Anglophone opponents of Bill 40 say they are ready for a “costly and prolonged court battle” against the Quebec government’s plan to abolish school boards that oversee elementary and high schools.
The Alliance for the Promotion of Public English-Language Education in Quebec (APPELE-Québec), is urging the Quebec government to seek guidance from the Quebec Court of Appeal over the constitutionality of Bill 40.
MONTREAL — A court should consider whether Bill 40 is constitutional before the National Assembly votes on it, a group of English community leaders argued on Monday.
The group, the Alliance for the Promotion of Public English-language Education in Québec (APPELE), opposes Bill 40. If passed, the bill would abolish school boards in Quebec, replacing them with service centres.
Following a hearing held on Nov. 18 on Bill 40; An Act to amend mainly the Education Act with regard to school organization and governance, APPELE-Québec, a coalition to preserve English school boards, is urging the Quebec Government to delay passage of the bill to allow for further discussion and analysis.
QCGN President Geoffrey Chambers reacts to the rumored news the Coalition Avenir Québec could be working on a list defining what constitutes an “historical anglo,” saying the news is rattling English-speaking Quebecers and creating a sense of anxiety.
The Alliance for the Promotion of Public English-language Education in Québec (APPELE-Québec) is hosting a public hearing this afternoon on Bill 40; An Act to amend mainly the Education Act with regard to school organization and governance.
Co-LAB, a two-day innovation event at Bishop’s University kicked off yesterday afternoon in the Centennial Theatre lobby. Over the weekend, young English speakers, paired up with community organizations, will work to identify employment solutions for Englishspeaking youth in Quebec and come up with ideas for innovative programs to meet the needs of their local communities.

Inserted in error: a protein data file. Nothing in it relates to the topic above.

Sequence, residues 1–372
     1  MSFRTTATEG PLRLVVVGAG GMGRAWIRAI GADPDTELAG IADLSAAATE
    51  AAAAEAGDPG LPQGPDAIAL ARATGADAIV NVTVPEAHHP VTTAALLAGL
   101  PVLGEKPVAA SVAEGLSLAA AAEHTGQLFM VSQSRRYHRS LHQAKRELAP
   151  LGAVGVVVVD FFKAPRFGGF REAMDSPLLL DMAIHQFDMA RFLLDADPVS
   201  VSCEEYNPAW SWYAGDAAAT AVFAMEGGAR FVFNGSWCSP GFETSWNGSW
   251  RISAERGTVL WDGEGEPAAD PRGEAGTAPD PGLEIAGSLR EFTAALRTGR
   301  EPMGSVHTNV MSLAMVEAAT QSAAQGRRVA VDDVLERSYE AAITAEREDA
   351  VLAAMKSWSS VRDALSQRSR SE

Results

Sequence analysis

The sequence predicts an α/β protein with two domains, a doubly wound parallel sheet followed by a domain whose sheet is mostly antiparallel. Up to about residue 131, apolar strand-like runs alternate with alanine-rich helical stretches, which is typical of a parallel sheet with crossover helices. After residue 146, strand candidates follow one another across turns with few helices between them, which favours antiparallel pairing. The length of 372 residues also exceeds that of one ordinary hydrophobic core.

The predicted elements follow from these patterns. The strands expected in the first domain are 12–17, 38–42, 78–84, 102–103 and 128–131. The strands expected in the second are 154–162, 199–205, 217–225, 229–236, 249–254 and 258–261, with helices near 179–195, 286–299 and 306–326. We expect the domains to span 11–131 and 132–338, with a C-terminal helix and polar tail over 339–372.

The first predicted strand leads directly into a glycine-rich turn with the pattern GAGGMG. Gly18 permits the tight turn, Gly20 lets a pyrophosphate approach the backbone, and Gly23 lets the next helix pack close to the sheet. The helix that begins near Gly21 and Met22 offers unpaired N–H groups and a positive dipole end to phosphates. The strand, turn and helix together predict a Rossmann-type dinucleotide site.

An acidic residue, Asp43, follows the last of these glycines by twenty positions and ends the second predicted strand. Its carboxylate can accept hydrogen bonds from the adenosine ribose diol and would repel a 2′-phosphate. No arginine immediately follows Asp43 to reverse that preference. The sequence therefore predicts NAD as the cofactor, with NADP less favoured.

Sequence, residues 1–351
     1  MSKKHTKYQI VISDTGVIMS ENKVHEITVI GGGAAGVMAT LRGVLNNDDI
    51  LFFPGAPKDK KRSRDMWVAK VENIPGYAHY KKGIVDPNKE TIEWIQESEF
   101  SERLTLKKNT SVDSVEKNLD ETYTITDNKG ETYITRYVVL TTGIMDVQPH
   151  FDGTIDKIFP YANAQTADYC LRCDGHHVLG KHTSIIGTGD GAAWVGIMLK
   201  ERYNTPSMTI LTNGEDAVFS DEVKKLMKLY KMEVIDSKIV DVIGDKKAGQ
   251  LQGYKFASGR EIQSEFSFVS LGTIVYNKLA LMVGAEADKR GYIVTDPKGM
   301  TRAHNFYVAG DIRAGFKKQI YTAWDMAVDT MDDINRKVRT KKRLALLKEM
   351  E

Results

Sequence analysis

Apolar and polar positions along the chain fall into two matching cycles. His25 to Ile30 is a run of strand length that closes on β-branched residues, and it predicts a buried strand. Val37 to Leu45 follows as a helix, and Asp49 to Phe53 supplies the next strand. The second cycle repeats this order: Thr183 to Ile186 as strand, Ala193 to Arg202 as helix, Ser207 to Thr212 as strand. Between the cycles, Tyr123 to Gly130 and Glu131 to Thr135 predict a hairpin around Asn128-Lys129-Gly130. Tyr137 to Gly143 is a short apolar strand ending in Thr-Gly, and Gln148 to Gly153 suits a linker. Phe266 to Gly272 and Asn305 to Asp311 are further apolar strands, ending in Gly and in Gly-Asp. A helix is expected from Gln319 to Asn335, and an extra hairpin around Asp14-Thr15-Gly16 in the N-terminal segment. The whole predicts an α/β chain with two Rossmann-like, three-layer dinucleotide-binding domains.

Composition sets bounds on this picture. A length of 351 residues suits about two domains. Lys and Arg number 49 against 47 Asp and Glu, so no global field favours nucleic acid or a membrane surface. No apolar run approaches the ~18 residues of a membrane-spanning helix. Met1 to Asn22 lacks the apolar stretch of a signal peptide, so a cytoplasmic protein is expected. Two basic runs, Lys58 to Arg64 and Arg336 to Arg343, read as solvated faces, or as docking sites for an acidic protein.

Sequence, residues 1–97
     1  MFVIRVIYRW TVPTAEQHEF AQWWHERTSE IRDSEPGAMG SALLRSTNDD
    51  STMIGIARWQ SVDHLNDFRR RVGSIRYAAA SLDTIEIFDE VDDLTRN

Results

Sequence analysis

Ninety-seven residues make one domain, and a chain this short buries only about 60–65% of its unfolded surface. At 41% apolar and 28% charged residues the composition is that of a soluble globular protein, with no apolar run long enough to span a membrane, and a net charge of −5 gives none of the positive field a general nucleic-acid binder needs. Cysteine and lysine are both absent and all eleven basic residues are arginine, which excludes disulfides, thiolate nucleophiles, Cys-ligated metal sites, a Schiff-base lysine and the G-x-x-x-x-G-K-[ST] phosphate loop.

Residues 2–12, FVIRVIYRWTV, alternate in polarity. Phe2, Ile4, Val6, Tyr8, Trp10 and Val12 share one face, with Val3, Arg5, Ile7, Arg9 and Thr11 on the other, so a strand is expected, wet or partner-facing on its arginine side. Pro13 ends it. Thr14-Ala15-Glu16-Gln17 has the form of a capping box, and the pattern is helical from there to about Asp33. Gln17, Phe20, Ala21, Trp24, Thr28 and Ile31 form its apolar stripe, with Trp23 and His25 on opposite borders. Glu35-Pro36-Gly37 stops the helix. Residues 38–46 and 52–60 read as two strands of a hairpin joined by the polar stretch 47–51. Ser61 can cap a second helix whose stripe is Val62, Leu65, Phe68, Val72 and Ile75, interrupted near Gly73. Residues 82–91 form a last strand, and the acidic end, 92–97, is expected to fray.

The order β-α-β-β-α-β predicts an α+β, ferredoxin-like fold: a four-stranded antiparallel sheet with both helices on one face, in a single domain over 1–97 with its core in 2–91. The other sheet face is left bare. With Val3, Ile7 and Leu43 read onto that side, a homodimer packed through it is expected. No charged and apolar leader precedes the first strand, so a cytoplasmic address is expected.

Quebec’s English-speaking youth and seniors will benefit from $1.1 million to learn new skills, find jobs, and fight isolation thanks to the renewal of the Community Innovation Fund (CIF). This second round of financing will help community organizations across the province pilot socially innovative projects supporting youth and seniors between over the next four years.
Writing in The Suburban, William Johnson says he wants to correct the historical record regarding the circumstances under which Alliance Quebec broke apart. Johnson, a national columnist for The Montreal Gazette in 1998, provides his perspective on the circumstances following Quebec’s 1995 referendum that led him to launch what he calls “a hostile takeover” of Alliance Quebec.
QCGN President Geoffrey Chambers denounces coming changes in language rules announced by Minister responsible for French language, Simon Jolin-Barrette. Chambers says such modifications are discriminatory and will only divide French and English-speaking communities.
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Newcomers and others deemed to not be part of the “historic English-speaking community” will see drastic cuts to services provided in English. QCGN President Geoffrey Chambers criticizes new language restrictions suggested by Simon Jolin-Barrette, Minister responsible for French language.
QCGN President Geoffrey Chambers sat down with Global Montreal’s Elysia Bryan Baynes to discuss the resignation of member organizations.
English Language Arts Network Executive Director Guy Rodgers explains why the organization resigned from the QCGN.
The English Language Arts Network (ELAN) becomes the latest member to quit the Quebec Community Groups Network (QCGN). At least 11 member groups have left, The Montreal Gazette reports.
The Coalition Avenir Québec and the Secretariat for Relations with English-speaking Quebecers are contributing to internal strife with member organizations, said QCGN President Geoffrey Chambers.